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November 22, 2006

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Reference ID Created Released Classification Origin
06KYIV4362 2006-11-22 16:25 2011-08-30 01:44 CONFIDENTIAL Embassy Kyiv

DE RUEHKV #4362/01 3261625
P 221625Z NOV 06

C O N F I D E N T I A L SECTION 01 OF 03 KYIV 004362 
E.O. 12958: DECL: 11/22/2016 
Classified By: Pol Counselor Kent Logsdon for reasons 1.4(a,b,d). 
1. (C) Summary.  On the second anniversary of the Orange 
Revolution, November 22, a crowd of 500 or so gathered on the 
Maidan to commemorate the rise of democracy in Ukraine.  Few 
leaders of the Maidan were there to share in the event. 
Disheartened by the failure to form a new "orange" government 
after the March Rada elections and the subsequent return of 
Yanukovych, the Maidan team has become mired in 
fingerpointing and allocating blame.  Although they continue 
to have contact, for example, Tymoshenko reportedly meets 
with the presidential team every week, increasingly divergent 
views on the way forward suggest future cooperation between 
Tymoshenko, Yushchenko, and the Our Ukraine leadership will 
be superficial at best. 
2. (C) A new generation of political reformers, frustrated by 
OU and BYuT, have begun to publicly and privately discuss a 
new political project to regain popular support for a 
pro-Euroatlantic, pro-market reform, and anti-corruption 
platform.  The two most vocal proponents of this idea are 
Minister of Internal Affairs Yuriy Lutsenko and Rada deputy 
(Our Ukraine faction) Mykola Katerynchuk.  Such an effort, 
which could redraw the political map of Ukraine in a way that 
positively incorporated the legacy of the Orange Revolution 
rather than continuing the same preexisting forces with the 
same political personalities, is what many people both inside 
and outside Ukraine expected would happen immediately after 
the Orange Revolution, but did not.  Instead, very little new 
blood and new perspectives made it into the party lists for 
the Rada elections, even for post-Orange lists like OU and 
BYuT.  Whether such a new political project proves any more 
effective in organization, message, platform, and electoral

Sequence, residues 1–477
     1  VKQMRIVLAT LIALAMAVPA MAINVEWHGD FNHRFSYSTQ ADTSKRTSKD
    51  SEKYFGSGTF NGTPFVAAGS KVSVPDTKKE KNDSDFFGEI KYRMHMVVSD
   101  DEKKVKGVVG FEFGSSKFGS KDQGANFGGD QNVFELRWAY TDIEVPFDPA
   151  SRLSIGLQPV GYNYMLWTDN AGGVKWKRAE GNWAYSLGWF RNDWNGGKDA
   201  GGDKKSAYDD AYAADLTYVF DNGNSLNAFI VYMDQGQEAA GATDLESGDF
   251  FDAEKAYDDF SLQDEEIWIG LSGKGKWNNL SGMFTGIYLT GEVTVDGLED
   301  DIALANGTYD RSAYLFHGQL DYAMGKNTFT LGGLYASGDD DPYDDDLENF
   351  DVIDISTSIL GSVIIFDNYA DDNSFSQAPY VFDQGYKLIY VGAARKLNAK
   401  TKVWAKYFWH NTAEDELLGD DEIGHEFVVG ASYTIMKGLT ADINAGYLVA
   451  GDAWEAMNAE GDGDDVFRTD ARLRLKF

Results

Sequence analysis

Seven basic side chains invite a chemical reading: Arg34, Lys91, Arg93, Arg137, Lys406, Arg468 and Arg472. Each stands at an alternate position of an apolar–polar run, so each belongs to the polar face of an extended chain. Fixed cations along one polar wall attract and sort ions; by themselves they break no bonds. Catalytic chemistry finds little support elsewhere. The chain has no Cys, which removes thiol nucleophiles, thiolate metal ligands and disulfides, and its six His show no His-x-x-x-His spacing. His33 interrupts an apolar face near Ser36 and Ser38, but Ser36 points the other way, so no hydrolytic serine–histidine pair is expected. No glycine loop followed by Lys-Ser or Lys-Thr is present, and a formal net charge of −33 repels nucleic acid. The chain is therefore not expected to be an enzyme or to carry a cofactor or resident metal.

success than OU remains to be seen.  End Summary and Comment. 
Lutsenko Looking for Way "Forward" 
3. (C) Internal Affairs Minister Lutsenko seems to be on the 
tip of many tongues these days as a potential leader of the 
future.  On November 17, Lutsenko told the Ambassador that he 
was planning a new political force to engage the populace at 
the grassroots level and to get back to the Orange 
Revolution's reformist ideals.  There was a real need for a 
"third force" besides the "totalitarians" of Yuliya (BYuT) 
and Rinat (Regions); Lutsenko was ready to lead it. Real 
activity would start in the spring. The first step would be a 
loose union of civic groups, local political efforts, perhaps 
to be called the "List of 22", named for  November 22  (note: 
the start of the Orange Revolution). Like Vaclav Havel's 
Charter 77 in the Czech Republic, this could be an open 
declaration that like-minded people could affiliate 
themselves with. Lutsenko and others would take advantage of 
the national month-long holiday break to reinforce 
preexisting informal networks, particularly in western and 
central Ukraine.  Lutsenko's third force (tentatively: 
"Forward, Ukraine") would be created from the grassroots up, 
uniting democrat-minded left- and right-centrists. Lutsenko 
would help lead a series of provincial "plebiscite meetings" 
between February-May that would act as primary system, 
allowing people to endorse the leaders they wanted, not those 
imposed from above by an OU congress or the diktat of 
Yushchenko or Poroshenko. 
4. (C) A young group of truly democratic-minded, 
western-oriented, not discredited politicians would serve as 
the core of this new party: Lutsenko, Yatsenyuk ("his 
economic good sense balances my revolutionary fervor"), 
Katerynchuk, Kyrylenko, Stetskiv.  They would draw on Pora,